IN November, 1963, President John F. Kennedy was assisinated by Lee Harvey Oswald in Dallas, Texas. This event holds importance for me because, as it turns out, I actually met Lee Harvey Oswald in that same year. Here's the complete story.
I attended Spring Hill College in Mobile, Alabama from 1962 to 1964. In the dormitory where I resided, there was a custom to have famous or interesting people come and talk to the students. These visits included authors, research scientists, athletes, or anyone with an interesting story to tell. A fellow by the name of Gene Murret had told our speakers committee that his cousin, Lee Oswald, would be passing through Mobile with his wife and would be intersted in talking to us. He had just reutrned from living in Russia, and came back to the U.S. with his new wife, Marina. So the speech was scheduled in about August of 1963.
I, of course, showed up for his speech that afternoon and found it interesting. He provided some details about his trip, but many in the audience were more interested in his purpose for going there. There are several key points I remember. When we would mistakingly ask him about being a "communist," he would correct us and say that he was a socialist; that communism is something that Russia had tried, but that it wasn't working. He blamed this attempt to practice Communism in its strictest form to explain the economic problems and poverty Russia was experiencing. Another interesting piece of information was that he would go out on weekends with Russian friends to hunt bear, and in doing that he became and excellent marksman.
It so happens that since this was an all male dormitory, in those days women were not allowed there. So a fellow from among our group, Bob Fitzpatrick, volunteered to stay with Marina in a reception area at the front of the building while Lee's talk was going on. peoples' lives. One selfish reason he had for doing this was based on the fact that he was majoring in languages, particularly Russian (he even subscribe to Pravda, the Russian newspaper). Thus he could practice his Russian with Marina and discuss life in Russia as she had lived it.)
Another interesting fact about this event is based on a custom we had. All talks by visiting speakers were tape-recorded for the benefit of students who could not make the live presentation; they could simply borrow the tape and listen to it privately. But it so happens this this was one of the few presentation where someone forgot to set up the tape recorder. Thus, there was no tape of Oswald made! IT was either forgotten or no one told the event coordinator to do it. We can only imagine what value this might have had to the FBI and the Warren Commission.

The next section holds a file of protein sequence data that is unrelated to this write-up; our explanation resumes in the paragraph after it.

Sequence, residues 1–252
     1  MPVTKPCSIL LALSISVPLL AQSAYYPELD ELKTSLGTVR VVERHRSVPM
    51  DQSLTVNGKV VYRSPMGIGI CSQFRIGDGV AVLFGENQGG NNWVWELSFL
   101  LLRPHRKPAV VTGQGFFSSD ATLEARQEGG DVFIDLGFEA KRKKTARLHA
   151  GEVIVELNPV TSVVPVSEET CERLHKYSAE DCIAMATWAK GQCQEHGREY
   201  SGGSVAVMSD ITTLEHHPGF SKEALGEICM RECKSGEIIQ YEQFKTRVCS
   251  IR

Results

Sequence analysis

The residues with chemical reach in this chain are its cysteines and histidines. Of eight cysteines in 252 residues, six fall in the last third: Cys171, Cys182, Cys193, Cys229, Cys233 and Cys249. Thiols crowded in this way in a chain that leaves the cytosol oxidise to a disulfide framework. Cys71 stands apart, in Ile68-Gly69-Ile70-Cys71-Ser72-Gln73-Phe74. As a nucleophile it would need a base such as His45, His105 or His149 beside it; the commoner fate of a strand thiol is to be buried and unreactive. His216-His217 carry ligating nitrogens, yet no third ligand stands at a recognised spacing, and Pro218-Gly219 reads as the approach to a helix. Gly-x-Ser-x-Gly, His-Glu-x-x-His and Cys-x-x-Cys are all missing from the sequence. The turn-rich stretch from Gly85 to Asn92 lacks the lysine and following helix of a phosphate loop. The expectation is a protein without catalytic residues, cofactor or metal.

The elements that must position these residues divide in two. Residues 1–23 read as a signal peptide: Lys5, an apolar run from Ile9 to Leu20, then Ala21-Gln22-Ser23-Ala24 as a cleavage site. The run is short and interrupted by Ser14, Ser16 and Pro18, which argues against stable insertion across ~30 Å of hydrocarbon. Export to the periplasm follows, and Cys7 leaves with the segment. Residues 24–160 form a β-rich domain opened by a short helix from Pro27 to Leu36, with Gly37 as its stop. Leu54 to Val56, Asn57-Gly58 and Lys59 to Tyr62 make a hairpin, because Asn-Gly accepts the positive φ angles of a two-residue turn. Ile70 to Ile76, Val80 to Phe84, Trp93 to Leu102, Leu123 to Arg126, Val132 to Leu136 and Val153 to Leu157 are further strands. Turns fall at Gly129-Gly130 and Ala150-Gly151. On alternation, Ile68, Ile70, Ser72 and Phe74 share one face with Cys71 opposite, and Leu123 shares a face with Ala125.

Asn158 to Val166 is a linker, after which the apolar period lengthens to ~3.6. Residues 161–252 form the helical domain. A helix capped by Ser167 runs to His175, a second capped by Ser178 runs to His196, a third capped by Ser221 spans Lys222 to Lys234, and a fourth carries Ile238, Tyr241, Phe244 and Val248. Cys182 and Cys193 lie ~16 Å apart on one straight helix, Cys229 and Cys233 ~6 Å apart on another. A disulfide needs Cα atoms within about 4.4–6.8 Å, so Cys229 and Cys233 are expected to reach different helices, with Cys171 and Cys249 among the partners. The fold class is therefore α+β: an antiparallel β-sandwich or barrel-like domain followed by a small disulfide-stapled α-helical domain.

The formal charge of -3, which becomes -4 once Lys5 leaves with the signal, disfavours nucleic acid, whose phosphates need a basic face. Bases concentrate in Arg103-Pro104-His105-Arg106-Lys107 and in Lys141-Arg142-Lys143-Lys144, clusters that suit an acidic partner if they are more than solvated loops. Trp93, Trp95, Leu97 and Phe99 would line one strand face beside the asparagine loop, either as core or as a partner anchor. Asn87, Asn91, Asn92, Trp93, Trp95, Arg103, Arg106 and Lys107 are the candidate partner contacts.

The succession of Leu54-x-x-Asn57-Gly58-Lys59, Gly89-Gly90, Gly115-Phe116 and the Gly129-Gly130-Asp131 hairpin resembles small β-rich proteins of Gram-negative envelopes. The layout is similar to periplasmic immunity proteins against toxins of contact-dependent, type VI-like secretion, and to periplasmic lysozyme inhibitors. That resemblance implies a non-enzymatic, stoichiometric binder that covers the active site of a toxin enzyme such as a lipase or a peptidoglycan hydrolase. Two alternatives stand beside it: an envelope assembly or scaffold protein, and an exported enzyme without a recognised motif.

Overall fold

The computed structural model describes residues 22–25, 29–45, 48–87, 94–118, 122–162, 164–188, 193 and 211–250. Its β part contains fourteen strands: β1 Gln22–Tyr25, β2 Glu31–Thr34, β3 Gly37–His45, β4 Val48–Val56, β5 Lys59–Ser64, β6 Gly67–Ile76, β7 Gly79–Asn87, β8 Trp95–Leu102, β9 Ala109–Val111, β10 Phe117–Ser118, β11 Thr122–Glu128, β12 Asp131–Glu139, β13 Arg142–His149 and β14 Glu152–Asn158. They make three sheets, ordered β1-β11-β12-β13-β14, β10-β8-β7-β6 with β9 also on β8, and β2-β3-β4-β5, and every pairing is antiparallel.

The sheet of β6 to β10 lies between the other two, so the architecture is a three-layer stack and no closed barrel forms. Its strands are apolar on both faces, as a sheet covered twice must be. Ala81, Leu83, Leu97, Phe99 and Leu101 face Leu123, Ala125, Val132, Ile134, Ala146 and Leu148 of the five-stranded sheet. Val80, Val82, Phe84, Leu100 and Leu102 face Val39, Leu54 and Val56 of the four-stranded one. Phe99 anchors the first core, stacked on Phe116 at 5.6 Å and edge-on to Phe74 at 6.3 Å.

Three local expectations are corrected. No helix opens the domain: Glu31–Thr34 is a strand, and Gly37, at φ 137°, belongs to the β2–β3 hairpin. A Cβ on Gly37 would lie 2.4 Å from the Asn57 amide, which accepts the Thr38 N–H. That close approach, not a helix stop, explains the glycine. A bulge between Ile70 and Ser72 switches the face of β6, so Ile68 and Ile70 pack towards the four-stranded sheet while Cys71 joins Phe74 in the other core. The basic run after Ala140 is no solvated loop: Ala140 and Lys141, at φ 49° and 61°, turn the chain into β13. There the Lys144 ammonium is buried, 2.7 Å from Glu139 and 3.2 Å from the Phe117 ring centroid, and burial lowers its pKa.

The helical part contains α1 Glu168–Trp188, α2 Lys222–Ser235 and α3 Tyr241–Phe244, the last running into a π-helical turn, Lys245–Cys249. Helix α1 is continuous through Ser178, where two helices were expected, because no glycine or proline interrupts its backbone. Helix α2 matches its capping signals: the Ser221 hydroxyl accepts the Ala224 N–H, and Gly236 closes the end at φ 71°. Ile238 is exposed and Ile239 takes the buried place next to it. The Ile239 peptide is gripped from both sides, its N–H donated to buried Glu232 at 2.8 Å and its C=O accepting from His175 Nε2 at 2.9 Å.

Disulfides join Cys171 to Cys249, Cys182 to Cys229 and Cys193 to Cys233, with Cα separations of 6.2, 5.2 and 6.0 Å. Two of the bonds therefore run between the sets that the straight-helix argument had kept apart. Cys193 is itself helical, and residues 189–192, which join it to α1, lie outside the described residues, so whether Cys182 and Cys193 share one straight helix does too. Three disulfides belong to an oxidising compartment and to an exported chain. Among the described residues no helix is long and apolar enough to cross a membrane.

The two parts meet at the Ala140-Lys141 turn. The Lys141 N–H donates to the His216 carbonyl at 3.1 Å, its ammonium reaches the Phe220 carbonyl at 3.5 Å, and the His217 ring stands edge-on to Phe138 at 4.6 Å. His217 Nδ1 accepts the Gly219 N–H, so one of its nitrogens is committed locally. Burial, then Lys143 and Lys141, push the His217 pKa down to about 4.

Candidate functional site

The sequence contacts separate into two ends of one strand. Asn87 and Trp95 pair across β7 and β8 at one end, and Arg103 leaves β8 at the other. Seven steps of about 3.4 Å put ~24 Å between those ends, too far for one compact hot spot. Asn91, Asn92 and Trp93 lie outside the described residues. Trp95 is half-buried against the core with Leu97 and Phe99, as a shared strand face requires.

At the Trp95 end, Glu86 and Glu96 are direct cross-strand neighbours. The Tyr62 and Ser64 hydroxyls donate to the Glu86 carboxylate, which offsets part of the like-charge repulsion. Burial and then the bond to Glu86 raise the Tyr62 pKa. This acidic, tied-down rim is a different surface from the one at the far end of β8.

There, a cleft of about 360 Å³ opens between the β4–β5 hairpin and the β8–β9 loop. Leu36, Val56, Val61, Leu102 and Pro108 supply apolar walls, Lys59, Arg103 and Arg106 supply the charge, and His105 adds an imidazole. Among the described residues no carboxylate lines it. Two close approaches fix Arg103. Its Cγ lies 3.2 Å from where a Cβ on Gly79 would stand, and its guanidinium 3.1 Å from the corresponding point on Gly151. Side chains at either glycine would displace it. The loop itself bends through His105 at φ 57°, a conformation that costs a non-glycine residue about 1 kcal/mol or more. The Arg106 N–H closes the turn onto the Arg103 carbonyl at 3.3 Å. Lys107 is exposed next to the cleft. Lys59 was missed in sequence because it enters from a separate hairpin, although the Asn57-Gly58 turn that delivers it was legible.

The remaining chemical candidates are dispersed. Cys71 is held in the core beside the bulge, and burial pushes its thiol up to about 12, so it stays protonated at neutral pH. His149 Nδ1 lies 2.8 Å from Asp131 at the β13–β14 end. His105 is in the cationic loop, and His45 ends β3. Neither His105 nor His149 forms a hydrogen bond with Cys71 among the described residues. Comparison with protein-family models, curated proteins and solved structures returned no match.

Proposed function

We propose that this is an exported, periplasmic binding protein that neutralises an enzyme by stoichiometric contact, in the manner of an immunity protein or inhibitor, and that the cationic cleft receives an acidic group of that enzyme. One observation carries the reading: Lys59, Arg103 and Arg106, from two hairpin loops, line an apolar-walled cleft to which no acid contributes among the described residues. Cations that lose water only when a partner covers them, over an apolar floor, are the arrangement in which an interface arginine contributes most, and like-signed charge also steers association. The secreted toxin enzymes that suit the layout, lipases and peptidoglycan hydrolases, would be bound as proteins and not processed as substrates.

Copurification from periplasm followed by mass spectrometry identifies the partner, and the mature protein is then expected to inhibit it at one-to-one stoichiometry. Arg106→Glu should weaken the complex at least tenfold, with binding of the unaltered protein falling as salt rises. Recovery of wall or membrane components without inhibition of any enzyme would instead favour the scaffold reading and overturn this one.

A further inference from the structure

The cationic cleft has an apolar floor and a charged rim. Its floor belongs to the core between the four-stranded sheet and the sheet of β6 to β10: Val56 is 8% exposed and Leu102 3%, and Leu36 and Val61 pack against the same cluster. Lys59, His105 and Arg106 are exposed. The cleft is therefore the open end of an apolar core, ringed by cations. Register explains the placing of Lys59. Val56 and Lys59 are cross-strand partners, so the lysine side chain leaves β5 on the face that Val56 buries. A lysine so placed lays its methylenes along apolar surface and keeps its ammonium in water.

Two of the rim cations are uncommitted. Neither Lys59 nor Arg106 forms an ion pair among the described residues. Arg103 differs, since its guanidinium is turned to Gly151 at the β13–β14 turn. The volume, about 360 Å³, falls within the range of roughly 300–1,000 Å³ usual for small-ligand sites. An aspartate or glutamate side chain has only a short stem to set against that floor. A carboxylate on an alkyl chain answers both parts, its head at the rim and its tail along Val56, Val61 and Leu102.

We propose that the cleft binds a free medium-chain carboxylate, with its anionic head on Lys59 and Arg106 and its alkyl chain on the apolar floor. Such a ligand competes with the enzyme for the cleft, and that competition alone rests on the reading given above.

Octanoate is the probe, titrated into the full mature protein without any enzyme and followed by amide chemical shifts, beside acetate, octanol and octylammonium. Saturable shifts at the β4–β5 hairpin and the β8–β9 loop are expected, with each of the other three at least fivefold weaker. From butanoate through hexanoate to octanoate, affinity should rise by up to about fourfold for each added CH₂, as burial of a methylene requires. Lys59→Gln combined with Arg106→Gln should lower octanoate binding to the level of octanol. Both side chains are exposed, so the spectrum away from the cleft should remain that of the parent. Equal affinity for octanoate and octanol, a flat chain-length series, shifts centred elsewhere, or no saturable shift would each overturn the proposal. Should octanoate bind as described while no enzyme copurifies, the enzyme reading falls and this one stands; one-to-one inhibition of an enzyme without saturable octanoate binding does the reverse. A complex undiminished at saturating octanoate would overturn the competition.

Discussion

Of course, several months after that, Kennedy was assasinated, and when we saw that on TV. And when we saw that several in front of the TV said "Oh my God, he's the guy who visited us!"
A month or so later, Bob Fitzpatrick visited with everyone who had attended Oswald's talk and took notes on what they remembered. I think he said that he was going to submit that to the FBI. (See Bob's report to the FBI for more information.
In reading the Warren report and other doucuments, I've never seen this incident at Spring Hill College published in detail. There are some one-sentences reference to this visit in the Spring Hill on-line legacy and in links to who-is-Oswald sites.
I'm often asked about my thoughts on this incident; what did I think of Oswald? The particular remarks I remember were his saying that he didn't believe in communism as a viable approach, but he strongly believed in Socialism. A of course there's the remark about his shooting marksmanship. Finally, I got the impression that he was a very nervous and insecure man. He never smiled but in a subdued voice spit out lots of dry facts and information with no emotional inflection. My first impression was that he was too unstable and disorganized to commit that crime. And yet, I'm sure one could argue that a person with so much logic and so little emotion in his personality is the exact person who would be best at committing an assination like that of Kennedy's.
Several years ago my daughter was working on a project in an American Studies class where students were to find someone who could narrate an interesting event in U.S. history. So she interviewed me and I played narrator explaning my experiences at Spring Hill. She thoroughly documented my comments and presented them in class. Her presentation on this was a success and a great hit with the students.